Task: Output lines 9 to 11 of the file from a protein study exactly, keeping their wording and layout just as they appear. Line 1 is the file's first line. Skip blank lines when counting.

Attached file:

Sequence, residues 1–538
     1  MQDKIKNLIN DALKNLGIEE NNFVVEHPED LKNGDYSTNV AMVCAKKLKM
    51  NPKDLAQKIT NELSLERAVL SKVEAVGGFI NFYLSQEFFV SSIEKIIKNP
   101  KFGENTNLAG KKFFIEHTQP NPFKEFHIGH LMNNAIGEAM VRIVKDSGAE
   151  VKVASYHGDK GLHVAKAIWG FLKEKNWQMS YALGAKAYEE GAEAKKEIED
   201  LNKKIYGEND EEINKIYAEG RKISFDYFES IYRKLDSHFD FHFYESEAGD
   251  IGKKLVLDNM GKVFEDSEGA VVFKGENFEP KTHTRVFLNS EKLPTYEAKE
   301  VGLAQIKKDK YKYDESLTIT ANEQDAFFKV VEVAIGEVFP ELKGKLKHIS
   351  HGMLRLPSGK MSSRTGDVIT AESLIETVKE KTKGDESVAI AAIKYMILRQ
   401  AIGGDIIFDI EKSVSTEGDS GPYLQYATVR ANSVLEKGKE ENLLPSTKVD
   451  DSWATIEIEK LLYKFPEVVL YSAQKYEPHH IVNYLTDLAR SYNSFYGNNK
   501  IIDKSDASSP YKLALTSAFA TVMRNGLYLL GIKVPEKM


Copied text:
   351  HGMLRLPSGK MSSRTGDVIT AESLIETVKE KTKGDESVAI AAIKYMILRQ
   401  AIGGDIIFDI EKSVSTEGDS GPYLQYATVR ANSVLEKGKE ENLLPSTKVD
   451  DSWATIEIEK LLYKFPEVVL YSAQKYEPHH IVNYLTDLAR SYNSFYGNNK